The greatest complex. The reason for the current state of Africa in comparison to the rest of the developed world is best explained in terms of the apparent productivity gap. This is a way of saying that productivity was, is and will be the most crucial element in a future that is no longer a distant prospect. I hate to sound like a broken record on this but the more I consider it, the more it becomes obvious that there is a fundamental error in the way we have sought to transform Africa for a while and this is not unconnected to the faulty diagnostics of the problem. In my essay; “The Future of Africa“, I established that the pursuit of economic growth and development is in itself an error. It is an error in the same way that the GDP of a nation is a mere indicator of activity. Nigeria has the biggest GDP in Africa, ahead of South Africa but the citizens of Nigeria are not in anyway better for it. Boasting because you have the biggest economy means nothing if more than half of the population live below the poverty line. Its like a man with a big manhood but who is sterile boasting around town. Size means nothing. Never equate motion for progress (Peter Drucker).
Practical Optimism. Like Bill Gates(Jr), I’m an impatient optimist. Concerning the future of Africa, I have chosen the contrary route of faith against the prevalent voice of dissents and naysayers who predict nothing but doom. That Africa is Rising is not a new narrative and we should not fall for such cheap accolades. Nevertheless, the practical realist in me in not under any illusion that the transformation of Africa will happen on a platter of gold. To think that Africa will overnight become a changed place is to be naive. The continent is complex in every way. So complex in fact that there isn’t quite a holistic framework to frame her context. Africa is home to hundreds of languages, multi-ethnic, tribal lines and a high proliferation of cultural, religious and political hegemonies. Although we all seem to share similar histories especially as it relates to our joint and several colonial pasts, we are not in anyway an homogeneous people. Africa may be geographically split into four poles but it is by no means a mere constellation of those. Yet, the future of this continent is equidistant to our ability to collaborate; trade with one another; cooperate with one another and live together.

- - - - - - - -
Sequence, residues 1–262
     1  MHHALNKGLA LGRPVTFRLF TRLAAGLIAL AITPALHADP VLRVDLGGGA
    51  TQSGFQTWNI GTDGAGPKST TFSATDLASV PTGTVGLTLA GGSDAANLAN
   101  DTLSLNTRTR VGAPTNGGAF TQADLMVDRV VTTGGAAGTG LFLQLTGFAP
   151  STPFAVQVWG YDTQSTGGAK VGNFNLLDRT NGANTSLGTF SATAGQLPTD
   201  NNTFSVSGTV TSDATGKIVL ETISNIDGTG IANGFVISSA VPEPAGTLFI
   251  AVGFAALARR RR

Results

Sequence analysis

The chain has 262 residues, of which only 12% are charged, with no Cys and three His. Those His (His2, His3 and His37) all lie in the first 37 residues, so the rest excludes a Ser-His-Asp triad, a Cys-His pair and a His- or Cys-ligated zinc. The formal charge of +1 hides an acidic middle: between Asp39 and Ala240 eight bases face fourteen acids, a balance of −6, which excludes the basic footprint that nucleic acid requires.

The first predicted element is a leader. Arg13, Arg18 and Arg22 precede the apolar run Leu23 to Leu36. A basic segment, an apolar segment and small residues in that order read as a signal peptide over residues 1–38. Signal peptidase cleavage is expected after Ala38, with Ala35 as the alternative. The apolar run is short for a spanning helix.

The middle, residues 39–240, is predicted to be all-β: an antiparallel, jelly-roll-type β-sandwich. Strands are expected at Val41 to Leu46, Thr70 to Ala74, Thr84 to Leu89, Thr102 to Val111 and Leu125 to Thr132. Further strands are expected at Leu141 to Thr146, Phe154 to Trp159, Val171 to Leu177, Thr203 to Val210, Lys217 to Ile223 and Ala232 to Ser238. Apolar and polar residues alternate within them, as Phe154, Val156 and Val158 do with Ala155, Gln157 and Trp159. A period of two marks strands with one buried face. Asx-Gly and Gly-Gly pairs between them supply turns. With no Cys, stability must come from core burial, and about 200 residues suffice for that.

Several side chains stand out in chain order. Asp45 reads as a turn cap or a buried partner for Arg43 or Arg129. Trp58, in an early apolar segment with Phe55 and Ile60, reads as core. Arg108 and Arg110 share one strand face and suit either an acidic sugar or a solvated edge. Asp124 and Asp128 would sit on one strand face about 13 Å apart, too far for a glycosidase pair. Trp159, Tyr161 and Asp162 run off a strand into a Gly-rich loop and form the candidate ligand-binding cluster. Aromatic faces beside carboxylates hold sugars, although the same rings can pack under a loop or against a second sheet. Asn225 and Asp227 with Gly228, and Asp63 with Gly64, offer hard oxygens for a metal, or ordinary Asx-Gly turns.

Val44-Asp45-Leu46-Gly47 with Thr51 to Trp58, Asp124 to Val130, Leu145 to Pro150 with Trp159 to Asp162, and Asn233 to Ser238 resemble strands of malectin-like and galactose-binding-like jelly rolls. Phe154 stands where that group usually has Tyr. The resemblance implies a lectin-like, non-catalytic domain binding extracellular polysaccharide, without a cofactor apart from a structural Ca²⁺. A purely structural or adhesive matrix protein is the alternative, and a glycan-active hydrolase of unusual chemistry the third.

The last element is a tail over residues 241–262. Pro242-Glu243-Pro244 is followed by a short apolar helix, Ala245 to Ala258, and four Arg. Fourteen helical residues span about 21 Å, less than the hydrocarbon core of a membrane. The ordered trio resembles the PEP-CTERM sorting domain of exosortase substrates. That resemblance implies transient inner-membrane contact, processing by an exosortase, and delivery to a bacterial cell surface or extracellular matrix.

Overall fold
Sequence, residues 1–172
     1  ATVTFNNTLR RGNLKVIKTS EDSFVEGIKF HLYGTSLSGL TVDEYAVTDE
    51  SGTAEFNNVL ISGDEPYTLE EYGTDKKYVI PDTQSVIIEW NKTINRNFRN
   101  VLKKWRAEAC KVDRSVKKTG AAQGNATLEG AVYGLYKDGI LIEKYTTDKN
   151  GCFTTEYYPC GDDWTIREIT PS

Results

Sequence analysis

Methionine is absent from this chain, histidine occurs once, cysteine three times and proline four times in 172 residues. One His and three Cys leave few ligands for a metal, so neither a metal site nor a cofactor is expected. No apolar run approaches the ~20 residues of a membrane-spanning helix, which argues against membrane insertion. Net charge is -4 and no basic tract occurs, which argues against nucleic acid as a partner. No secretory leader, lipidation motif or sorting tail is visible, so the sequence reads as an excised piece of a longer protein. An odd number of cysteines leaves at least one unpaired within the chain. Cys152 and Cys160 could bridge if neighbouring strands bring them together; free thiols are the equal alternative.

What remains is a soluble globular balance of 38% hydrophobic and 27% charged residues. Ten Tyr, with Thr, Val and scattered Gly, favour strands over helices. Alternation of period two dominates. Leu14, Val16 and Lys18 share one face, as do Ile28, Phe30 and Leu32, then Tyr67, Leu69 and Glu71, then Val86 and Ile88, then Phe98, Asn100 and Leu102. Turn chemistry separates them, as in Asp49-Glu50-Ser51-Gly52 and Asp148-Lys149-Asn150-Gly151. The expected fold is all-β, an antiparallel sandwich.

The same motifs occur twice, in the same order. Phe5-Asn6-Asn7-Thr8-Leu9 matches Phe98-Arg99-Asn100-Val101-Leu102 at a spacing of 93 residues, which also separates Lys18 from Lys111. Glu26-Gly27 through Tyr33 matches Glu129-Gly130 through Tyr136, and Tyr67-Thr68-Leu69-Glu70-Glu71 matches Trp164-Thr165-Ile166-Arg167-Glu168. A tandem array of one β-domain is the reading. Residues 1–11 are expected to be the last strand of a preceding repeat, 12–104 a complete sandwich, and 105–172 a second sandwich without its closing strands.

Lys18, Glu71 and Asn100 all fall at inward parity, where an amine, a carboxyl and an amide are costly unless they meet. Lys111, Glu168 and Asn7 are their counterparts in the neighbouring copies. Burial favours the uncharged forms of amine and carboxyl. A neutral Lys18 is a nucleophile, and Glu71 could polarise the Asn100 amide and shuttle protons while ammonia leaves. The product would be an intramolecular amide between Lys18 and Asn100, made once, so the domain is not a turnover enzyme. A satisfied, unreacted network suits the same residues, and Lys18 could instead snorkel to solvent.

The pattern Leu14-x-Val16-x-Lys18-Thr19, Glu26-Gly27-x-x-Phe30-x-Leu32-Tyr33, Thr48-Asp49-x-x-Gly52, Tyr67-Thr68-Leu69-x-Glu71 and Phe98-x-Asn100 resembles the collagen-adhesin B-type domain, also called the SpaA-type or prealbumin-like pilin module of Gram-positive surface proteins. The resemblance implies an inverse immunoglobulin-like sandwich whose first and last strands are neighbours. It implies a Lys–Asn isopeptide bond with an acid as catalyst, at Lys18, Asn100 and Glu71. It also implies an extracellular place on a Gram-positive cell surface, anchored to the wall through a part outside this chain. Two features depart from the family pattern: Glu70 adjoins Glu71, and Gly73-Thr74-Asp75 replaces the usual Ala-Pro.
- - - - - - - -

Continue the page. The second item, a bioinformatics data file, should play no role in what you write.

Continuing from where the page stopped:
Teach the Children to Code. While we yet struggle to achieve optimal progress in our pursuit of industrialization of our economies, African countries must be aware of the ramifications of what is ahead of us. We cannot afford to continue the cycle of backwardness that has pervaded our continent and our people. As the world basks in the euphoria of the information age and the promise it holds, we must think broadly and act decisively about the future. It is not enough for us to be mere adopters of new technologies. We must in fact lead the way. The best way to predict the future is to create it. As a matter of urgency, we must overhaul our now outdated educational system, set new priorities and branch out in new dimensions and expand new frontiers. One of such imperatives is the equipment of the our children with the transformation skill of coding. The Industrial Internet/ Internet of Things is the next big thing; the impact of this new age reality is far reaching on economics and society. We need a sense of urgency about it. Every child in Africa must be empowered to code. This is the only way we would survive and thrive in this new creative economy. This is urgent. It is imperative. Failure to do this is to surrender to a future so bleak. Need a little motivation or a push? Look here and see what Barclays Bank UK ; a formost institution from a developed country is doing on this matter.